It’s often difficult or impossible to eliminate completely your exposure to animal allergens. Even if you don’t have a pet, you may unexpectedly encounter pet allergens transported on other people’s clothes.  Having said that, your doctor may direct you to take one of the following medications to improve your allergy symptoms:

Antihistamines reduce the production of an immune system chemical that is active in an allergic reaction, and they help relieve itching, sneezing and runny nose.
Prescription antihistamines taken as a nasal spray include azelastine (Astelin, Astepro) and olopatadine (Patanase). Over-the-counter (OTC) antihistamine tablets include fexofenadine (Allegra Allergy), loratadine (Claritin, Alavert) and cetirizine (Zyrtec Allergy); OTC antihistamine syrups are available for children. Prescription antihistamine tablets, such as levocetirizine (Xyzal) and desloratadine (Clarinex), are other options.

Corticosteroids delivered as a nasal spray can reduce inflammation and control symptoms of hay fever. These drugs include fluticasone propionate (Flonase Allergy Relief), mometasone furoate (Nasonex), triamcinolone (Nasacort Allergy 24HR) and ciclesonide (Omnaris). Nasal corticosteroids provide a low dose of the drug and have a much lower risk of side effects than do oral corticosteroids.

Decongestants can help shrink swollen tissues in your nasal passages and make it easier to breathe through your nose. Some over-the-counter allergy tablets combine an antihistamine with a decongestant.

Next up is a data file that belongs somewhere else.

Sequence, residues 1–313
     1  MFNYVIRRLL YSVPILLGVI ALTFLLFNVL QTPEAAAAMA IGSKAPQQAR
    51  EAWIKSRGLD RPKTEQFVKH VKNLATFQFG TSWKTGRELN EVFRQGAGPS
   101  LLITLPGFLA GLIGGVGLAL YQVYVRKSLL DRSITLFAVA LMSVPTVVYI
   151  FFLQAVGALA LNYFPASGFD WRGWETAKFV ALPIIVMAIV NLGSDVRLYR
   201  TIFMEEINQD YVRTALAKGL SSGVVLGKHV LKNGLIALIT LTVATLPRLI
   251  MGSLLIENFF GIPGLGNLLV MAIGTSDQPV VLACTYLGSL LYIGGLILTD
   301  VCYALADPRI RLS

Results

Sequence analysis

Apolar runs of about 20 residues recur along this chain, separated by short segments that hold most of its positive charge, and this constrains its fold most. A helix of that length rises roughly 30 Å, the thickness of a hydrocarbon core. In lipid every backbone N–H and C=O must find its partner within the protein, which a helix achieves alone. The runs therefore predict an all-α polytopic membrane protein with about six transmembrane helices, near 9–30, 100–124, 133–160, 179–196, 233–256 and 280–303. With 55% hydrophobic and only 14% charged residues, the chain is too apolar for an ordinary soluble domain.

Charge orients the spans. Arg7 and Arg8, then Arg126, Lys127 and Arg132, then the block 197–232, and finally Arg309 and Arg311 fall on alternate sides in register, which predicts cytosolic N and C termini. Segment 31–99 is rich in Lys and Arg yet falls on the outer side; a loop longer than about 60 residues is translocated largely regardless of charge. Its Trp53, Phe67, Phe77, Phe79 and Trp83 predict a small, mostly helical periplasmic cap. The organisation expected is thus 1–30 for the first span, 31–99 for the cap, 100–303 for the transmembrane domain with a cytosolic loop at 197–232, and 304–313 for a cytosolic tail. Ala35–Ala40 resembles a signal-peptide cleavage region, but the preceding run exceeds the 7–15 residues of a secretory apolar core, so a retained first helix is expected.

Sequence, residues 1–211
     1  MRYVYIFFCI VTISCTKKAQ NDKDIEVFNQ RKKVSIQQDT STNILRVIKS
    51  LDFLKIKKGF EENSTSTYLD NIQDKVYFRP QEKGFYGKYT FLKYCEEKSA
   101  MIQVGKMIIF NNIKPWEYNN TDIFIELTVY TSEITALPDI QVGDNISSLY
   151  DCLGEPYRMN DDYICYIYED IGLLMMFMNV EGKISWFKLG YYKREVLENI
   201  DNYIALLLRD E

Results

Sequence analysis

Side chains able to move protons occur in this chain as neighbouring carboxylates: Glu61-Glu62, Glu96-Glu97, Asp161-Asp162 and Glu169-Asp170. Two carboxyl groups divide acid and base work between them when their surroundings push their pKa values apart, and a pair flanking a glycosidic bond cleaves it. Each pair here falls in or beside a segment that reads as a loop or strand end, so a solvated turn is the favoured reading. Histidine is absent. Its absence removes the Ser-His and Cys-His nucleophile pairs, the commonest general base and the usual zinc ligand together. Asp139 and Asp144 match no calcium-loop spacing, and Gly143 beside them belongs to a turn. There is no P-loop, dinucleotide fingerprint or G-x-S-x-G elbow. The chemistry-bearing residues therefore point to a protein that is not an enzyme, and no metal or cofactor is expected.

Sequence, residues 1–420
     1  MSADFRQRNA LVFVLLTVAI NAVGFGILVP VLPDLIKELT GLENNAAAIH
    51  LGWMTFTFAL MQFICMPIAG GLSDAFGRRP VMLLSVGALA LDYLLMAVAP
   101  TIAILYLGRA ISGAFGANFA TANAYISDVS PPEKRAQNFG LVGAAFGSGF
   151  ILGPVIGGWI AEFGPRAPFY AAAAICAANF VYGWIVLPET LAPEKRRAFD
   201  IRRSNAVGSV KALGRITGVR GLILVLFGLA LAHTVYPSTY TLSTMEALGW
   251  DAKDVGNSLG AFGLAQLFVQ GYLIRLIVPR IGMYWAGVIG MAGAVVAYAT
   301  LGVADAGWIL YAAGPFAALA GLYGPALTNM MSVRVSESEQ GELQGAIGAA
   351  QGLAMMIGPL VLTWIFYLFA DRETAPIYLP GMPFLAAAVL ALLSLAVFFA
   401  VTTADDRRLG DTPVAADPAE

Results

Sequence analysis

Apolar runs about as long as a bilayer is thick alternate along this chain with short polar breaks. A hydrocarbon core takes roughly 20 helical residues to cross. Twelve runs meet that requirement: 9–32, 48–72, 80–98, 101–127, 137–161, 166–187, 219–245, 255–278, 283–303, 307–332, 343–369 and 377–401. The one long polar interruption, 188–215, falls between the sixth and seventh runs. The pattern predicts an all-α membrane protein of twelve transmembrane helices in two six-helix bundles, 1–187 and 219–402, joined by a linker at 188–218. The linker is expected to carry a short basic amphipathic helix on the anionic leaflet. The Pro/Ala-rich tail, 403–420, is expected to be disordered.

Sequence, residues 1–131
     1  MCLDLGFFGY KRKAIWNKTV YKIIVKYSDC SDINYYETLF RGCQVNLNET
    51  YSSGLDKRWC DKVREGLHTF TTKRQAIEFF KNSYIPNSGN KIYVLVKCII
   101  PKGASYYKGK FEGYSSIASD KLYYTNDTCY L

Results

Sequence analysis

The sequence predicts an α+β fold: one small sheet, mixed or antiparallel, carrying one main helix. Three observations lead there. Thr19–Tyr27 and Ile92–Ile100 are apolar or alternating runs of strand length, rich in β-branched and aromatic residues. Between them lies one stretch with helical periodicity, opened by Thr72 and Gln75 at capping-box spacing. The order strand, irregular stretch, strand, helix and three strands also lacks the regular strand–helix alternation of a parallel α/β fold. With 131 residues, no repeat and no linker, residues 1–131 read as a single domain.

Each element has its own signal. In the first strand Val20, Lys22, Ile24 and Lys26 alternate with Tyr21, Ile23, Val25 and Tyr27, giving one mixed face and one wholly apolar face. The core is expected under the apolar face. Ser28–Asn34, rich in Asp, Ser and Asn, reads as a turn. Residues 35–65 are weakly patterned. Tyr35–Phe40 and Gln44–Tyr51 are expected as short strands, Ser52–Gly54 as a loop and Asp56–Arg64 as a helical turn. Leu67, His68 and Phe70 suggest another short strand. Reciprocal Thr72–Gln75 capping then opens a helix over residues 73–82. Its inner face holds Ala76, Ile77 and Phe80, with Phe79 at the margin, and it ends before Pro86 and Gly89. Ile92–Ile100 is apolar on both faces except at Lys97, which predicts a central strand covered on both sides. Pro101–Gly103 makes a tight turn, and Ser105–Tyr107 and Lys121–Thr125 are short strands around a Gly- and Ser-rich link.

Oral decongestants can increase blood pressure and generally shouldn’t be taken if you have high blood pressure, glaucoma or cardiovascular disease. Talk to your doctor about whether you can safely take a decongestant.
Over-the-counter decongestants taken as a nasal spray may briefly reduce allergy symptoms. If you use a decongestant spray for more than three days in a row, it can contribute to congestion.

Leukotriene modifiers block the action of certain immune system chemicals. Your doctor may prescribe montelukast (Singulair), a prescription tablet, if corticosteroid nasal sprays or antihistamines are not good options for you.
Possible side effects of montelukast include upper respiratory infection, headache and fever. Less common side effects include behavior or mood changes, such as anxiousness or depression.

 

Sources:

mayoclinic.org